1. The next first move, according to Indivisible, is to break the gridlock, accomplished in the Senate by eliminating the filibuster, a step requiring a majority vote only to accomplish. With today’s filibuster rule remaining in place, even a minority of Senate Republicans can block a new Democratic President’s agenda (make it happen!) in 2021.
  1. The Senate itself must be democratized. As it stands now, such low-population states as Wyoming (580,000 people) wield the same voting power in the Senate as do New York (19.5 million) and California (40 million), and that means that having an overall majority of voters backing a piece of legislation doesn’t necessarily translate into a Senate majority. (This brake on numerical majority was what the framers intended). But Congress could make the body more democratic and representative by admitting new states, adding senators and undoing the present imbalance and proneness to gridlock. Consider this: both Puerto Rico (3.6 million) and Washington D.C. (711,571) have larger populations than Wyoming. Why shouldn’t they be states too, adding four more Senate votes? And there’s California–what if it divided into two states? (Okay, such developments aren’t going to come easily–it’s complicated!)
  2. The House as well can be democratized, by shrinking the size of today’s overgrown Congressional districts. These have ballooned to the point where the voices of sub-constituencies can easily get lost. To make it the “People’s House” again, districts should be smaller, even at the cost of expanding the overall number of representatives. Such  additional reforms as proportional voting and ranked-choice voting would also reduce political dysfunction.
  3. And what about democratizing the courts? Perhaps the answer is to expand the size of the Supreme Court or to create less partisan ways for selecting and appointing judges. But restoring American democracy will require court reform—legislating an answer to the Court’s current conservative majority, that ongoing triumph of the far right (Federalist Society, anybody?).
  4. And then there’s the challenge of democratizing voting. The tools of voter suppression must be wrested from the far right, ending gerrymandering and the disenfranchisement of such potential voting blocs as immigrants (they pay taxes, right?),  sixteen-and seventeen-year-olds (they’re old enough to deal with gun violence and climate change) and convicted felons (six million, according to this book—and did you ever wonder why so many minority males end up behind bars and forever vote-less?)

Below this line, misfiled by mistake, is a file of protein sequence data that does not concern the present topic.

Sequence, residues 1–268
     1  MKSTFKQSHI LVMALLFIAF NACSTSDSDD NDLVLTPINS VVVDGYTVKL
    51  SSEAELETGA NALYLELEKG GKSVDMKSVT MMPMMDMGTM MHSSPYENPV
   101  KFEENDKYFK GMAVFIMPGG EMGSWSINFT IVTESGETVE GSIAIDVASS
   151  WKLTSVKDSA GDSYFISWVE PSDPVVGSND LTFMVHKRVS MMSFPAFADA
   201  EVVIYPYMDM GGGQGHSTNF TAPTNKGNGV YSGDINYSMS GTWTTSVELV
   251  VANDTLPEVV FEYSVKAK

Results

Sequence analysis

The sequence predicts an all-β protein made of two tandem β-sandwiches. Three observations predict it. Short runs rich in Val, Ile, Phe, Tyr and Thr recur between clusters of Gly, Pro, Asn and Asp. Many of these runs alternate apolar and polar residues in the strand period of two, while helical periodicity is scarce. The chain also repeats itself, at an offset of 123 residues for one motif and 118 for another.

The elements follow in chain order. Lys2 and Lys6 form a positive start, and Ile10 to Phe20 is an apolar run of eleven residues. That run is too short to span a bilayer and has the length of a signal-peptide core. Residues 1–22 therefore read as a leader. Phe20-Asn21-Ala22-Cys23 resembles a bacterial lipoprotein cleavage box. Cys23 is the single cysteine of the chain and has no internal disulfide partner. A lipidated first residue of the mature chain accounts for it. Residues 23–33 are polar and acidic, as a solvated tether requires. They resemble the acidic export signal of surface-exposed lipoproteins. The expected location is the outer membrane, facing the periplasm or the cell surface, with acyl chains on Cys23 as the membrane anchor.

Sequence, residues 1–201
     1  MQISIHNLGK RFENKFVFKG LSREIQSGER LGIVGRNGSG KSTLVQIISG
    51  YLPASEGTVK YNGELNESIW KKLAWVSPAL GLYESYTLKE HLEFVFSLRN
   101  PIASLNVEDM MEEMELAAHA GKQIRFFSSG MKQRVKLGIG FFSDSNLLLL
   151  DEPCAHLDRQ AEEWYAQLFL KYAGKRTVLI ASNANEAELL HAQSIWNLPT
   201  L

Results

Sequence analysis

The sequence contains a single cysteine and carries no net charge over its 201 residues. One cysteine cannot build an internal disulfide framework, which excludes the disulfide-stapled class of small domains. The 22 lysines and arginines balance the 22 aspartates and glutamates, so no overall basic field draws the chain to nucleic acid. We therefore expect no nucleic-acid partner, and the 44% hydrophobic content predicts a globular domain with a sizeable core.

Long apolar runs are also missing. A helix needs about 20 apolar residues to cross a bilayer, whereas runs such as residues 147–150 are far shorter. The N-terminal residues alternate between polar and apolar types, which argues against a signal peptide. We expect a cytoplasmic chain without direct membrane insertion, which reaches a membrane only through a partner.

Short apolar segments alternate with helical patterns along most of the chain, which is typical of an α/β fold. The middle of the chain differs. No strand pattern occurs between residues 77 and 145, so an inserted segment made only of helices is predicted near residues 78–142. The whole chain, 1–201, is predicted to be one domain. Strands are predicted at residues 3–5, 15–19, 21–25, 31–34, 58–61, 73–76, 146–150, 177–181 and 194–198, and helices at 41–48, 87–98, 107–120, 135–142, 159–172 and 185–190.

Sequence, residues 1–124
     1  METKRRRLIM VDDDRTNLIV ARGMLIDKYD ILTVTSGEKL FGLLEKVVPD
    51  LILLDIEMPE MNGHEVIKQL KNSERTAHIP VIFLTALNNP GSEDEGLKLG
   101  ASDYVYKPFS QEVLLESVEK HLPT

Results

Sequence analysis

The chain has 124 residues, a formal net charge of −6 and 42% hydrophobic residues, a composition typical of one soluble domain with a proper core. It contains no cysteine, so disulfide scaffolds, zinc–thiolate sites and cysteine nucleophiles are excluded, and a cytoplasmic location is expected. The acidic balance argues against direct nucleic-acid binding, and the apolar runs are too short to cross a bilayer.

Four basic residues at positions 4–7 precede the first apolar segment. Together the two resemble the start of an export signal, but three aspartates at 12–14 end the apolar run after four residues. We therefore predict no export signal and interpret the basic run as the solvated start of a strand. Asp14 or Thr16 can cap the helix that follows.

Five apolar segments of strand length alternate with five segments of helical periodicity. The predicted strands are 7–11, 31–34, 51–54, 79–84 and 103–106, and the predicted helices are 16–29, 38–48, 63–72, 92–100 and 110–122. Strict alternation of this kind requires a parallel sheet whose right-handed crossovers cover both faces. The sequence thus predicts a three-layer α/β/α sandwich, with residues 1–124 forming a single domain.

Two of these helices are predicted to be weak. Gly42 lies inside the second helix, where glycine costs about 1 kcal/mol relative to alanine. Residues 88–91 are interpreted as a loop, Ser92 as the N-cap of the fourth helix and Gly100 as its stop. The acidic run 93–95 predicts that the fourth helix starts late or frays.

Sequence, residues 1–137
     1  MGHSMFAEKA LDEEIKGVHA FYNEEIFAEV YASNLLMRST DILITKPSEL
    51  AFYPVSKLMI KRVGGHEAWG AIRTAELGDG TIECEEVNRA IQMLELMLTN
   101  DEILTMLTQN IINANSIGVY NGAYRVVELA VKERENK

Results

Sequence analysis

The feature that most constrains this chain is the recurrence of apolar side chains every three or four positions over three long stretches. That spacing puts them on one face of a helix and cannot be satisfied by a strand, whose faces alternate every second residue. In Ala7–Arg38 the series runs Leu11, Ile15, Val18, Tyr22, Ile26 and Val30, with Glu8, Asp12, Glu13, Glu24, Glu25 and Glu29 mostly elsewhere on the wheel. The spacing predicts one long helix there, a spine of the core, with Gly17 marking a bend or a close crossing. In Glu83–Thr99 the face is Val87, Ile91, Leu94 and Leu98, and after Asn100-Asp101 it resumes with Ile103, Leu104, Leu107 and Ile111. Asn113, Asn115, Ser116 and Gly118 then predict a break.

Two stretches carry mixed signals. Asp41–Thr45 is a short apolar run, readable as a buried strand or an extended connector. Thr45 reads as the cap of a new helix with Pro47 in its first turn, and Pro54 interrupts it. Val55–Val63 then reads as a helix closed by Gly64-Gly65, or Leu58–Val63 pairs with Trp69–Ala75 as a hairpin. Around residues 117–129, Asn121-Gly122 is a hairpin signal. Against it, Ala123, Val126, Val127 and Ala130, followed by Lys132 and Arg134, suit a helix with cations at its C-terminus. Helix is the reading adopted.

5. Indivisible’s final strategy suggestion is to democratize the media. If the economic model for local journalism has collapsed (47% of newspaper jobs have been lost between 2008 and 2018), a new system must be invented to reinvigorate it—perhaps through public financing, even a media voucher program allowing every American to direct $200 to a preferred nonprofit media outfit. (Candidate Andrew Yang has a plan for this: What else? Let’s restore net-neutrality and break up the mega-corporations (Sinclair Broadcast Group, Facebook, Google) “to loosen their stranglehold on the American Public,” as the authors of We Are Indivisible put it.

To step back, the thrust of Indivisible’s vision for restoring and strengthening democracy is to work through the system—but by making the system actually work. And the way to make it work is by applying public pressure—lots of it and in lots of places—at the local level, one state rep and state senator at a time, one state house at a time, one congressman, one senator, and so on and so on. It’s a vision that ultimately depends on the outraged rising up by large outpourings of ordinary people, but an uprising that is strategic, putting pressure where it counts to bring about change.